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Innovating and adapting in a payment by results WASH programme: the SWIFT experience

Working papers

Written by Nathaniel Mason

Hero image description: A water kiosk built by KUAP with Comic Relief funding and with assistance from partners Image credit:A water kiosk built by KUAP with Comic Relief funding and with assistance from partners Image license:CC-BY-NC-ND

From 2014 to 2019, the Sustainable WASH In Fragile Contexts (SWIFT) consortium ran a risky ‘payment by results’ programme in the fragile contexts of Democratic Republic of the Congo (DRC) and Kenya. The programme sought to provide sustained access to water, sanitation and hygiene (WASH) for almost one million people over four years. During the four years, SWIFT faced a number of issues including the novel contracting approach; increasing financial risk for implementing partners; tight timelines for delivery of infrastructure and behaviour change interventions; and challenges in the wider context, such as drought in Kenya and population displacement in DRC.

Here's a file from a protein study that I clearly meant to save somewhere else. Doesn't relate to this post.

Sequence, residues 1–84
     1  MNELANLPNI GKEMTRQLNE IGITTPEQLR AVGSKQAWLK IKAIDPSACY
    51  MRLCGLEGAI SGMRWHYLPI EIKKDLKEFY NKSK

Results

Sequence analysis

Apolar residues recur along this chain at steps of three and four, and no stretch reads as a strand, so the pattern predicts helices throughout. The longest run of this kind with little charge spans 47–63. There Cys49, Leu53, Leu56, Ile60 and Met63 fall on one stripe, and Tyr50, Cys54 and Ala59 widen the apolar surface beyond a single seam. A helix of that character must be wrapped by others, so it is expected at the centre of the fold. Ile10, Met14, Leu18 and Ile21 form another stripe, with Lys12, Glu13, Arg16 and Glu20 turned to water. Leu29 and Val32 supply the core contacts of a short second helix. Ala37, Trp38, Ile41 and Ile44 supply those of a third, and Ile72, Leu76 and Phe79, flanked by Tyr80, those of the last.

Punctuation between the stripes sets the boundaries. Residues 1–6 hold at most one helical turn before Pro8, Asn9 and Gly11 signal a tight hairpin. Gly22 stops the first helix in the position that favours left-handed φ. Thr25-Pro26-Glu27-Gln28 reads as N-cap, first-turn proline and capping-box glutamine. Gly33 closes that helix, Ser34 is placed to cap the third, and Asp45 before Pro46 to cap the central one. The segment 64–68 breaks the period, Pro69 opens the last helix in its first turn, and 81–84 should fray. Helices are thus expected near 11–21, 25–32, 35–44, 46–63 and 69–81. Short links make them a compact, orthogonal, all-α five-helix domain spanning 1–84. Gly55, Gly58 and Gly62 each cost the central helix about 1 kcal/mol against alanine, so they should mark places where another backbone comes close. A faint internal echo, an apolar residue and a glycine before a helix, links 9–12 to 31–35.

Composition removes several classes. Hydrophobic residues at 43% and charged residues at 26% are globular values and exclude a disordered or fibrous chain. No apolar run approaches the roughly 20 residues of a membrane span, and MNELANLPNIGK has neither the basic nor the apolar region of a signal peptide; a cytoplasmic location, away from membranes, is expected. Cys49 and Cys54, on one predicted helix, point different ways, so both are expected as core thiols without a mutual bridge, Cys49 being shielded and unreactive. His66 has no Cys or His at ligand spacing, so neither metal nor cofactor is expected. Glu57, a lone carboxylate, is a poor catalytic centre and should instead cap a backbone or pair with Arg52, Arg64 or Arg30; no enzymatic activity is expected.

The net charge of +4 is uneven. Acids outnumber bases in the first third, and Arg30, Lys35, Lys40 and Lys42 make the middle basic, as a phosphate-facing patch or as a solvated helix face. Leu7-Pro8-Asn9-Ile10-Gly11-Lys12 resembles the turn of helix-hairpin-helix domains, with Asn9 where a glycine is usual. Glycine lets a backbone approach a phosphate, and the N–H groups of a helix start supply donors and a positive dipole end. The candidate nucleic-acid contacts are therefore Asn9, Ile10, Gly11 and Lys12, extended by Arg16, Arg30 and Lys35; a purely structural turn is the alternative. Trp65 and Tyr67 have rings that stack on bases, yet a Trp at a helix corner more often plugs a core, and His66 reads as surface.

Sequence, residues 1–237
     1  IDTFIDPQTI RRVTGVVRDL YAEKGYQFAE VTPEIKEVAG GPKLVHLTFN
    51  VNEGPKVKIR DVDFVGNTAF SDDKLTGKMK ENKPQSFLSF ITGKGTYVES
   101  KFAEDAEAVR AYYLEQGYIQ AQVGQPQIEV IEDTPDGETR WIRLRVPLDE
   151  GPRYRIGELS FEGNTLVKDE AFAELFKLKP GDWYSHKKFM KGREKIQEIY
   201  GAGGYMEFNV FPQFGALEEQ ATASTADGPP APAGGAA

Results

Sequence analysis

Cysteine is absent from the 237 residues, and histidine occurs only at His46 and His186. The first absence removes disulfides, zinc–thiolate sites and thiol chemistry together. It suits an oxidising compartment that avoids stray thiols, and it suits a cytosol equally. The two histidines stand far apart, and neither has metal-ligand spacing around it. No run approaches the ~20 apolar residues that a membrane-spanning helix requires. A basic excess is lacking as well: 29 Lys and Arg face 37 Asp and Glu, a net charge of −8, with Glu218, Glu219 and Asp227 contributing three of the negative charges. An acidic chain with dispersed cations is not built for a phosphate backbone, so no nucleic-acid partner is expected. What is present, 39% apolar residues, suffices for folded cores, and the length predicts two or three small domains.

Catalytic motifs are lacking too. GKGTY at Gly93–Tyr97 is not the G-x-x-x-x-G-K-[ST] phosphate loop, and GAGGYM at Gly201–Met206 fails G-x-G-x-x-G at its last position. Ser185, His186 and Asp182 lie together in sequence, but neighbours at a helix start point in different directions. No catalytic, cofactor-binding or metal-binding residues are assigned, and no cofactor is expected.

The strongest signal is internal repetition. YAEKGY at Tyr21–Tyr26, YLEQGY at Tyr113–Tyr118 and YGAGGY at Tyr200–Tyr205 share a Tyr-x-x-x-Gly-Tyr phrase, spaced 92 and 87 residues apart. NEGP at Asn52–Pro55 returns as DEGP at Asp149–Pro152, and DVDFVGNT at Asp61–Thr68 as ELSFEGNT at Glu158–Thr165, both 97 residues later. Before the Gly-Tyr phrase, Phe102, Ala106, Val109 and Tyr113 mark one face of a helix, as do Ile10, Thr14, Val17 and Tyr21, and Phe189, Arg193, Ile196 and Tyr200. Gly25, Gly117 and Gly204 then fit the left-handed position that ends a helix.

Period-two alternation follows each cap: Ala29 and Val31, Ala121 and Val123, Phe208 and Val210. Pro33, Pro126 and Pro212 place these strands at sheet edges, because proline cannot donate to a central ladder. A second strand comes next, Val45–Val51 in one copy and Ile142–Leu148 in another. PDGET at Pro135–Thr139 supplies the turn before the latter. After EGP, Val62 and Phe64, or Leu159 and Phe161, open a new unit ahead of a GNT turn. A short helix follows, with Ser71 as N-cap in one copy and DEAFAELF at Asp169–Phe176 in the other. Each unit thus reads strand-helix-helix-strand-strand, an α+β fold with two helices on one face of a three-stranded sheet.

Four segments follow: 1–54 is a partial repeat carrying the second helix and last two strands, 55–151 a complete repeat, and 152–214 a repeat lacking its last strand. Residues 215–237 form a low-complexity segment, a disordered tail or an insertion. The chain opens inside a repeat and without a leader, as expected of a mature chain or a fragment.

But apart from the funding mechanism, was SWIFT innovative or adaptive? We asked implementing teams the question: if, and how, innovation and adaptation took place during the first phase of the SWIFT programme, and what the lessons might be for implementing organizations that seek to deliver large-scale, challenging and high-pressure programmes under a payment by results arrangement. 

This case study looks at what innovation took place, why it took place, what it solved and what helped or hindered the innovation or adaptation.

Newly arrived refugees collect water from Oxfam taps at Ifo camp/Dadaab. Jo Harrison/Oxfam
Nathaniel Mason, Miriam Denis le Seve and Joanna Trevor